Relying on this court's decision in Hodges v. Klein, 562 F.2d 276 (3d Cir. 1977) (per curiam), defendants argue that, by providing periodic "status reviews," they had satisfied the requirements of the Due Process Clause for confinement. Hodges, decided before the Supreme Court's summary affirmance of Wright, held: "The presence in this case of procedures for periodic hearing to review an inmate's assignment to the [Management Control Unit] leads us to conclude that appellant's due process rights were adequately safeguarded." Id. at 278.
We are not persuaded by defendants' argument for two reasons. First, the quoted holding of Hodges was predicated on the application of Meachum and Montanye to intrafacility transfers. No search was made for a state-created liberty interest. Thus, it is not clear that Hodges required any due process in connection with the transfers. Second, the opinion of the district court in Hodges makes clear that "status reviews" were not the only procedural safeguards employed in connection with the assignment of prisoners to segregated housing. The inmates were given prior notice of the proposed administrative action and were informed of the criteria on which the decision would ultimately be based. A hearing was held at which the inmate appeared, counsel substitute was made available, and evidence offered from both sides was received. Finally, the inmate received written notification of the decision and the reasons underlying it. Hodges v. Klein, 421 F. Supp. 1224, 1233 (D.N.J. 1976), aff'd, 562 F.2d 276 (3d Cir. 1977) (per curiam). Thus, Hodges does not restrict the procedural protections to which Helms was due to "status reviews."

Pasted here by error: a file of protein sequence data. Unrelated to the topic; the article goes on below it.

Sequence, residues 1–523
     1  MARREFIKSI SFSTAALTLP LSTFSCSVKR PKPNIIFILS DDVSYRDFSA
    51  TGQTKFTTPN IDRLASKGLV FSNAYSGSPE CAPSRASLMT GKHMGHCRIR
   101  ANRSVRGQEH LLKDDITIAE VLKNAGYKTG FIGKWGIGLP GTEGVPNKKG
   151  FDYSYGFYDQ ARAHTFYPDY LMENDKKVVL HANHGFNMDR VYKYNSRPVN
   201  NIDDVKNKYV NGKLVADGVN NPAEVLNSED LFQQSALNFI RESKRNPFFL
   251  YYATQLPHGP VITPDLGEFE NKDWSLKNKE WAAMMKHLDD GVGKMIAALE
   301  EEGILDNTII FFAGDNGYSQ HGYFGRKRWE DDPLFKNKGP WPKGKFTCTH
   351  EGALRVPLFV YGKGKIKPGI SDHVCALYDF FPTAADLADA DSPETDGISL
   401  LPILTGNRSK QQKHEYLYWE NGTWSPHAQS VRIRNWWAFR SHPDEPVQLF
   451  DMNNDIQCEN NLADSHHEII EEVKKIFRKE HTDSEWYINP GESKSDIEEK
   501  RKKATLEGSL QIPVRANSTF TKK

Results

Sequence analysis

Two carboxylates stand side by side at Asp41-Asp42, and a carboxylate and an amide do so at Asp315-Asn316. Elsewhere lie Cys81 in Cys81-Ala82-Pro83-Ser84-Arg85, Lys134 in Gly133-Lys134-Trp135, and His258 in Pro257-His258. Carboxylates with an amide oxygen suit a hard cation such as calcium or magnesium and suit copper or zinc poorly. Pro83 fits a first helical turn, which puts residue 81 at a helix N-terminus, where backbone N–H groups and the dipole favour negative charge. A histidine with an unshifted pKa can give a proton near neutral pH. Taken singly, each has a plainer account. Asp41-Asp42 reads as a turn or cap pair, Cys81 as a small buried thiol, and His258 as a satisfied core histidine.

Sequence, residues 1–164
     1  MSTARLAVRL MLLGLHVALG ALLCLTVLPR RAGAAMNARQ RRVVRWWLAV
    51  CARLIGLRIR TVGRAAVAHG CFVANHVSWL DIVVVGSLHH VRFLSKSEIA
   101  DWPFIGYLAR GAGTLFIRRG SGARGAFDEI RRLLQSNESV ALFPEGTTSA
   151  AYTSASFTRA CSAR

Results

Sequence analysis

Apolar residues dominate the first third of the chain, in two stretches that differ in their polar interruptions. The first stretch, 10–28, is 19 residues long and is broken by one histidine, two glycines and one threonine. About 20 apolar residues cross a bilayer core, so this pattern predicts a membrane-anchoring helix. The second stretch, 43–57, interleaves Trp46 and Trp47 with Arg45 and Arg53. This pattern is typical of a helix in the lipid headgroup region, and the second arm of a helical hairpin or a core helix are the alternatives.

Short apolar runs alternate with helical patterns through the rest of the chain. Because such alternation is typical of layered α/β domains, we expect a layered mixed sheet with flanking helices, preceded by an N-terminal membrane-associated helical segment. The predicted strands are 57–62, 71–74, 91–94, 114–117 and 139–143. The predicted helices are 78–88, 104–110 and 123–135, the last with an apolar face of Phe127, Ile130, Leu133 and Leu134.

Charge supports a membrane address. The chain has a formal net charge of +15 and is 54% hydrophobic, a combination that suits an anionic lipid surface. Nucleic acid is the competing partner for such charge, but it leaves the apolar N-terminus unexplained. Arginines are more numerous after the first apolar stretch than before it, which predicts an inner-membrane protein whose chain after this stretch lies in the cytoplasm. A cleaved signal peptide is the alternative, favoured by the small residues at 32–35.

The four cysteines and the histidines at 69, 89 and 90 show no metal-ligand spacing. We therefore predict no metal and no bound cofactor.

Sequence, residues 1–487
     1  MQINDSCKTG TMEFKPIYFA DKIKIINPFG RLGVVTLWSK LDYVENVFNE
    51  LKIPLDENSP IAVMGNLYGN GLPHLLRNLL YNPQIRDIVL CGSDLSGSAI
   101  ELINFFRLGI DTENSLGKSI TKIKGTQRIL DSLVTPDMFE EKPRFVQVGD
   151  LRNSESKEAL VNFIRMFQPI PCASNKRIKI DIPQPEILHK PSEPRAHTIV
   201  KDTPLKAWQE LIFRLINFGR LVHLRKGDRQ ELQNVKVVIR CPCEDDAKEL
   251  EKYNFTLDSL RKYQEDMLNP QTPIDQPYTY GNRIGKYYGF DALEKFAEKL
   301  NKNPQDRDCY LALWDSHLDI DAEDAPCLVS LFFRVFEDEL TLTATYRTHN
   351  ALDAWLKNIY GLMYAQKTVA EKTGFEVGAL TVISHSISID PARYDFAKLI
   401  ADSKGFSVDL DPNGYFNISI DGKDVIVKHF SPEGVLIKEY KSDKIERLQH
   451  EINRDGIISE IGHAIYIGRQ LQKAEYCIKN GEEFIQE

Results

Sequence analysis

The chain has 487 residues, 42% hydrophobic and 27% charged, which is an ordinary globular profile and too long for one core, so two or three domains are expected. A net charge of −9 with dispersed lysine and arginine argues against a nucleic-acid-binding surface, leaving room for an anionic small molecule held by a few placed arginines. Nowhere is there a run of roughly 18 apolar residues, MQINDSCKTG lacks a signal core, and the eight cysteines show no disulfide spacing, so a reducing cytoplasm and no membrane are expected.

Having concluded that Hodges does not control the outcome of this suit, the immediate question before us remains what process is due an inmate in restrictive custody for administrative reasons when such segregation infringes a state-created liberty interest. We note again that the thrust of Helms' constitutional complaint is that he was denied a timely hearing on whether he was properly confined in Administrative Custody. In other words, having been deprived of a liberty interest by his administrative confinement, Helms claims he was entitled to procedural due process to determine whether he fell within that class of inmates subject to segregation for administrative reasons under State regulations. If, for example, the December 8 HC was correct in describing Helms' detention as "pursuant to Administrative Directive 004," see supra at 490, due process was required to determine whether Helms' continued segregation was "necessary to maintain security." If, as the district court found, Helms was being detained pursuant to 37 Pa. Code § 95.104(b)(3), he was entitled to a fair determination that there existed "a threat of a serious disturbance or a serious threat to [Helms] or others." Or, if Helms was confined under the authority of 37 Pa. Code § 95.104(b)(1) for having allegedly committed a Class 1 Misconduct, prison officials were required to determine, through due process, that the confinement was necessitated by "the need for control."
Turning then to the legal issue at hand, it is well to recall at this time the concerns noted earlier dealing with the importance of swift and decisive action when using administrative detentions to maintain control and security at a penal institution. Sympathetic as we are to these concerns, we are also charged with interpreting and applying the Constitution. Although the liberty interest in this analysis is a creation of the State, the minimum protections appropriate to its deprivation are "a matter of federal law [and] they are not diminished by the fact that the State may have specified its own procedures that it may deem adequate for determining the preconditions to adverse official action." Vitek v. Jones, 445 U.S. at 491, 100 S.Ct. at 1261. To determine the degree of flexibility accorded state prison officials in this context, we turn first to the federal law announced in Wright as most nearly on point.